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Eighteen years after his first professional bout, Joe Stevenson knows more about prizefighting than the majority of his peers. And as someone who has been in the game since he was a teenager, it’s sometimes the little things that mean the most to him.
“You never want to do this for anything but your own personal goals, but the truth is that the admiration from the fans really gives you that extra push,” he said. “I think everyone that does this sport wakes up in pain. I doubt there’s one person that does this sport that wakes up every day of their life feeling great. We’re in pain and there’s something that’s gotta push you. You have your goals and you’re going forward and you know you’re doing it, but you get tired. Then you hear your name or you feel the energy from the screams or you read the post that says good things about you.”
So when the announcement that Stevenson, winner of season two of The Ultimate Fighter, was coming back for TUF: Redemption nearly six years after his last UFC bout, it was greeted with the kind of positive response that gave “Joe Daddy” the jolt he needed to head into the second phase of his career.
“Everything in life is timing, and the fact of where I was in my life and where I am now, it kind of all came at the right time to allow me to do the show,” said Stevenson, who is 12 wins away from his goal of 50. As for his other goal…
“My kids wanted me in the video game,” he laughs. “That was a big thing to them. So that’s part of my goal, but my real goal is to make sure I get 50 wins and that way I can retire by hitting my goal. I think it’s really important to set goals and to hit them, especially when you have kids. If you’re just fighting to fight and training with no purpose, it teaches them the wrong thing. It teaches them to fight, yes, but it teaches them to run in a circle. You’ve got to set goals and show them that it’s important to achieve these goals.”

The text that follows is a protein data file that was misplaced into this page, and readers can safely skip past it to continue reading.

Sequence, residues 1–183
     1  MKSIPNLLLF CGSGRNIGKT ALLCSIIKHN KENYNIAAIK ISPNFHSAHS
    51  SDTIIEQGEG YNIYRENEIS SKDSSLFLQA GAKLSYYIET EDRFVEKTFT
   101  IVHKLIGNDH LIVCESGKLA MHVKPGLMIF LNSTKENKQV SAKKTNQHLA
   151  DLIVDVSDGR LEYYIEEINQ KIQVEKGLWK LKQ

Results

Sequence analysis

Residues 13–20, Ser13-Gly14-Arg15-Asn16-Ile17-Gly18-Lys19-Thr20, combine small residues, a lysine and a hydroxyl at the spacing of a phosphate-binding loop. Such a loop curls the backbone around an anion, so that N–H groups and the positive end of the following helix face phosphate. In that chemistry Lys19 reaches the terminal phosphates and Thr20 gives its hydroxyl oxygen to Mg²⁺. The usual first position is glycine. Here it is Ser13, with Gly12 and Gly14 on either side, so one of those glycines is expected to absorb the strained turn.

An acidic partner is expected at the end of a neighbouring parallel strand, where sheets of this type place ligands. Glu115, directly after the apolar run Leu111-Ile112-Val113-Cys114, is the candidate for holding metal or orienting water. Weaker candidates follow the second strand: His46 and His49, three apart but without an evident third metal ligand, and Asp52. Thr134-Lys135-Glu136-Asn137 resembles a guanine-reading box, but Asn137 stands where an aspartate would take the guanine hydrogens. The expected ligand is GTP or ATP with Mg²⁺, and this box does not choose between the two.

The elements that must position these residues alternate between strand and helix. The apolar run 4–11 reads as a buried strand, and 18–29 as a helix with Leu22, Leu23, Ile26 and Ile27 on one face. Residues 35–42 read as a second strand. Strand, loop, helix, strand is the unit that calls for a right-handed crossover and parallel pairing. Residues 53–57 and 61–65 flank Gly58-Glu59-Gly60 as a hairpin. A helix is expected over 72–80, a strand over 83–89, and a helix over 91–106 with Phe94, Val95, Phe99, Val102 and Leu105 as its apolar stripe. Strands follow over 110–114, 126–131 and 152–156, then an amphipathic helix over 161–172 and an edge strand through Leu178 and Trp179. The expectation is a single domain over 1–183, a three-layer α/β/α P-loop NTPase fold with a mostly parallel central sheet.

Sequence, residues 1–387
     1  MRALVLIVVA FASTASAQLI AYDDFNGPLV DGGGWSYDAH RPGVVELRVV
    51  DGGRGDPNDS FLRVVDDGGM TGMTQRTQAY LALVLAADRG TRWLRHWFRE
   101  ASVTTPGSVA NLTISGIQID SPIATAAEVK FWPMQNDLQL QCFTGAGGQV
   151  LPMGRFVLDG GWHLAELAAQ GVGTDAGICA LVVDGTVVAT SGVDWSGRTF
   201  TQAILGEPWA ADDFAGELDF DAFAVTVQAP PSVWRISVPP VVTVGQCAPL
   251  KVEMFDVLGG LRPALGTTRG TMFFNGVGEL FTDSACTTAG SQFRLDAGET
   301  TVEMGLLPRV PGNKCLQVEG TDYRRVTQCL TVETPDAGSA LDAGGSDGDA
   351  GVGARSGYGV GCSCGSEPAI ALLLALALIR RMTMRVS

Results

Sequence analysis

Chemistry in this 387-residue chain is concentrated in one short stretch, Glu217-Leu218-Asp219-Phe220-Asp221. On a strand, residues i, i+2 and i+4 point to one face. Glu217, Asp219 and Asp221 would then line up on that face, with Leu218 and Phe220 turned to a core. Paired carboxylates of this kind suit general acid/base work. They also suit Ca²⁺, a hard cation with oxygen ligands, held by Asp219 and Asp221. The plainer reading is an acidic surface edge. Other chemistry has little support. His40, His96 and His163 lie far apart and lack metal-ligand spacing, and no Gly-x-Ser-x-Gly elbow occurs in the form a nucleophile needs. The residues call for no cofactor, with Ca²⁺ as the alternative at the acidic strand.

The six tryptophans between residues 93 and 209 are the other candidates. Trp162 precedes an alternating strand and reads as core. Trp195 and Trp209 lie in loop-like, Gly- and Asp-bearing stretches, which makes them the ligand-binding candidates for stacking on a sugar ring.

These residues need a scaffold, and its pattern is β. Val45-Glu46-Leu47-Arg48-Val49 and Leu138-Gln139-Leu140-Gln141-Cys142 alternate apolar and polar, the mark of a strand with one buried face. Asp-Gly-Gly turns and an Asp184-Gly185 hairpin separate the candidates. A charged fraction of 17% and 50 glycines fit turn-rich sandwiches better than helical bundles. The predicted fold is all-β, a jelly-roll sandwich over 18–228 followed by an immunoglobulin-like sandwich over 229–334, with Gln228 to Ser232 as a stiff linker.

At 34, Stevenson is still young enough to get to where he wants to go, simply because he is old school and willing to fight all comers. He talks about turning down just one fight in his career against Sean Sherk, and that’s because he couldn’t cut 35 pounds in a month to make weight. That’s an impressive feat, but will other fighters share his attitude?
“I think there are plenty of guys in the UFC that are popular but not good enough,” he said. “So they’re popular and they get in, then they pick and choose who they fight. There are a lot of those guys, and I don’t feel threatened fighting any of them. I’ll fight anyone anytime. Now you’ll say that, but when it comes to contracts, you say, ‘Yeah, but it’s got to make sense.’ Then don’t say you’ll fight anyone anytime.”
On this week’s episode of TUF 25, Stevenson faces another willing and able fighter in Justin Edwards, who happens to be the same age as the Californian. But when it comes to experience, don’t forget that when Stevenson was 16, he was fighting future lightweight champion Jens Pulver.
“The referee was John Perretti, who was the UFC matchmaker at the time, and he said the winner of the fight’s in the UFC,” Stevenson recalled. “He (Pulver) gets the win, he beats John Lewis in spectacular fashion, he’s going at it with BJ Penn, he has the title in the UFC, and I’m still in high school. I had to pass on senior prom because I needed to save that money for bills because I had a kid on the way.”
Nearly two decades later, Stevenson is still at it, and the reason is simple.
“It’s the only thing in my life that, win or lose, you can walk away with your head high because you know you put everything into it,” he said. “There’s no gray area when you fight. There’s no fence riding. Dominick Cruz said it great after his fight with Cody (Garbrandt). He was like, ‘Hey, he was the better guy today.’ It instantly made me a fan of his, and that’s the truth. You win or you lose, it’s over, and you can get up and do it again. You’re in control of your destiny. Sometimes the fight won’t go your way, and maybe you’ll never get that rematch again and it will haunt you, but everything that went into that moment, you had control of.”